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Context > Food Function and Structure > Teaching and Learning Approaches > Carbohydrates

TEACHER RESOURCE: Carbohydrates


Carbohydrates are compounds of tremendous biological importance since they: provide energy through oxidation supply carbon for the synthesis of cell components serve as a form of stored chemical energy are the means by which cells recognise each other and are the basis of the immune system. As the name indicates, carbohydrates are substances having the empirical formula Cx(H2O)y. The best known carbohydrates are starches and sugars, with cane sugar (sucrose) having the empirical formula C12(H2O)11. Classes of carbohydrate Simple sugars like glucose and fructose are known as monosaccharides (sakkharon is Greek for sugar). They have a general formula that can be written as (CH2O)n, where n can take the values 3, 4, 5, 6, 7. For example, glucose is (CH2O)6 or C6H12O6, whereas ribose, the sugar associated with genetic material, is (CH2O)5 or C5H10O5. Monosaccharides can link together to form disaccharides. Cane sugar or sucrose is a combination of the hexose (6 carbon) monosaccharide sugars glucose (Glc) and fructose (Fru). The bond between the sugars is known as a glycosidic linkage.

Glc

+ Fru

Glc Fru
glycosidic linkage

+ H2O

Other common disaccharides are maltose (Glc-Glc), found in corn syrup, and milk sugar or lactose (Gal-Glu). Oligosaccharides (oligo means few) contain between 3 to 10 monosaccharide units. For example, raffinose, a trisaccharide found in peas and beans, is made up of galactose, glucose and fructose. If taken as part of the human diet, it remains largely undigested until reaching the large intestine where bacteria ferment it, releasing hydrogen, carbon dioxide, and methane.

Gal Glc Fru


glycosidic linkages Polysaccharides (poly means many) contain very long chains of hundreds or thousands of monosaccharide units, which may be either in straight or branched chains. Polysaccharides are usually involved with energy storage, for example, starch in plants such as potatoes and maize or glycogen in animals. Alternatively, polysaccharides have a structural function such as cellulose in plant cell walls or chitin in the exoskeletons of crabs and shrimps. Starch There are two forms of starch: amylose and amylopectin. Amylose consists of long, unbranched chains of glucose (from 1000 to 2000 molecules) connected by glycosidic linkages known as (1-4). 1020% of the starch in plants is in this form. Amylose forms helices (coils) that can trap molecules of iodine, forming a characteristic 20072011 The University of Waikato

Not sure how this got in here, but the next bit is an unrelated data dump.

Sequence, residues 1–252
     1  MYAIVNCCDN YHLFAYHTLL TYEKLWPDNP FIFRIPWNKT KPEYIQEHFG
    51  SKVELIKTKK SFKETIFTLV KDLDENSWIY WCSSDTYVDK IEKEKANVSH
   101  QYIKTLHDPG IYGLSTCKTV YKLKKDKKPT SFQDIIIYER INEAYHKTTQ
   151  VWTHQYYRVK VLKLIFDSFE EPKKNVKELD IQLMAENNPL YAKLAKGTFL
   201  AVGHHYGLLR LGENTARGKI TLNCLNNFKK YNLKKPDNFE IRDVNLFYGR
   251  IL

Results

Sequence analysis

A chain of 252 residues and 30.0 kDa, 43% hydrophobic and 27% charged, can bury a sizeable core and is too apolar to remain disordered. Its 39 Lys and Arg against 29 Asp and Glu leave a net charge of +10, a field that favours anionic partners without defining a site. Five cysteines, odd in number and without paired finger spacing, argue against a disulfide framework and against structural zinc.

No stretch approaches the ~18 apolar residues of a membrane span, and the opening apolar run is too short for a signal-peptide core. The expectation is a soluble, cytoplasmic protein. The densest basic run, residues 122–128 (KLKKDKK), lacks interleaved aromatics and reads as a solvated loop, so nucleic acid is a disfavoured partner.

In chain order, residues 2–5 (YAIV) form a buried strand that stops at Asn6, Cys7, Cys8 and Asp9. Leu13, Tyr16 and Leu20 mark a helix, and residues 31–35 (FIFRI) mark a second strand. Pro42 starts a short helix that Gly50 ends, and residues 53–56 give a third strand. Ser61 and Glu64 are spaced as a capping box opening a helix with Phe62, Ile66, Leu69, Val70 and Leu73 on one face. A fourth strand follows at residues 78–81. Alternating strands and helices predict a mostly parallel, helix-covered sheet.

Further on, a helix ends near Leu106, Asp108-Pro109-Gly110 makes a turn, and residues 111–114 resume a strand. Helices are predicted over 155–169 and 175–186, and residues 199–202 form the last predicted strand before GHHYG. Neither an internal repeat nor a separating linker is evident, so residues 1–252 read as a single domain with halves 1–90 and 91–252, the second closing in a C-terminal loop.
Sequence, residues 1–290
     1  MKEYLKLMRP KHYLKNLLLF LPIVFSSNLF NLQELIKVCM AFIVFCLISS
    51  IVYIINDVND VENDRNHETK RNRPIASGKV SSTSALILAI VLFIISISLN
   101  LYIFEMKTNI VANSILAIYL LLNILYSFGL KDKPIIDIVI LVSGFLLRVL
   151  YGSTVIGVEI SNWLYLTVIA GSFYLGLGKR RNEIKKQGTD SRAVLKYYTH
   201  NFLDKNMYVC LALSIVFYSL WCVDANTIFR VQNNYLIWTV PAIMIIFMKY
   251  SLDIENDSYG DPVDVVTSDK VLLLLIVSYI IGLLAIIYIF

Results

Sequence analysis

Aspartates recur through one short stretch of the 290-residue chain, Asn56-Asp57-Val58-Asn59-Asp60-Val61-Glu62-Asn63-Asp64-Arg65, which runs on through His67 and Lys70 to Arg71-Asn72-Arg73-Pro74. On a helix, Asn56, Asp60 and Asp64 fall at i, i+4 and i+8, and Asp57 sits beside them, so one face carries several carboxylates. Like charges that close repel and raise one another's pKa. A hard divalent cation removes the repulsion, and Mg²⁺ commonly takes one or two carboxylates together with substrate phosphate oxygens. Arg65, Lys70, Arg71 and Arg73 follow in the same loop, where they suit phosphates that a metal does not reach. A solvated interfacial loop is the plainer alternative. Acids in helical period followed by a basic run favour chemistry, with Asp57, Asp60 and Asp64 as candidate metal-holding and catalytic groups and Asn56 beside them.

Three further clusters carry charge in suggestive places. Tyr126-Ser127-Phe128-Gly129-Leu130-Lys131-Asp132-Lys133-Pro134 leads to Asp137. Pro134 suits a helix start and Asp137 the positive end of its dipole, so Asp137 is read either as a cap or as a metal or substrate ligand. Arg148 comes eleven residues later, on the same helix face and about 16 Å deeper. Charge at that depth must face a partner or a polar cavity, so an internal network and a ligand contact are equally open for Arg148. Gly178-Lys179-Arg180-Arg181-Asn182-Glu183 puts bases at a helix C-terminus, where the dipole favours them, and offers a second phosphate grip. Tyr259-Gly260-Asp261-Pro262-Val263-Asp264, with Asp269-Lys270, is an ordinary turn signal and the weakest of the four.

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Context > Food Function and Structure > Teaching and Learning Approaches > Carbohydrates

deep blue-purple colour. (Iodine is often used as a test for the presence of starch.) Glc Glc Glc Glc Glc Glc Glc Glc Glc glycosidic linkages in amylose

Amylopectin consists of long chains of glucose (up to 105 molecules) connected by (1-4) glycosidic linkages, with (1-6) branches every 24 to 30 glucose units along the chain. 80 90% of the starch in plants is in this form. Glc Glc Glc (Glc Glc Glc)10 Glc Glc Glc Glc Glc

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Context > Food Function and Structure > Teaching and Learning Approaches > Carbohydrates

Glycogen Glycogen, also known as animal starch, is structurally similar to amylopectin, containing both glycosidic linkages and branch points. Glycogen is even more highly branched, however, with branches occurring every 8 to 12 glucose units. Glycogen is abundant in the liver and muscles; on hydrolysis, it forms glucose, which maintains normal blood sugar level and provides energy. 20072011 The University of Waikato
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Context > Food Function and Structure > Teaching and Learning Approaches > Carbohydrates

G G G G (G G G)3 G G G G G G G

Cellulose Cellulose is a polymer consisting of long, unbranched chains of glucose connected by (1-4) glycosidic linkages; it may contain from 300 to 3000 glucose units in one molecule. Because of the -linkages, cellulose has a different overall shape from amylose, forming extended straight chains that bond to each other, resulting in a very rigid structure.

20072011 The University of Waikato


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Context > Food Function and Structure > Teaching and Learning Approaches > Carbohydrates

Cellulose is an important structural polysaccharide and is the single most abundant organic compound on earth. It is the material in plant cell walls that provides strength and rigidity; wood is 50% cellulose. Humans lack the enzymes needed to digest cellulose in the small intestine, but bacteria present in the large intestine can ferment some cellulose into short chain fatty acids such as acetic acid and butyric acid. These serve as a source of energy for the bacteria, as well as the cells lining the intestine.

Cellulose graphic courtesy of the U.S. Department of Energy Genome Programs http://genomics.energy.gov.

20072011 The University of Waikato


www.sciencelearn.org.nz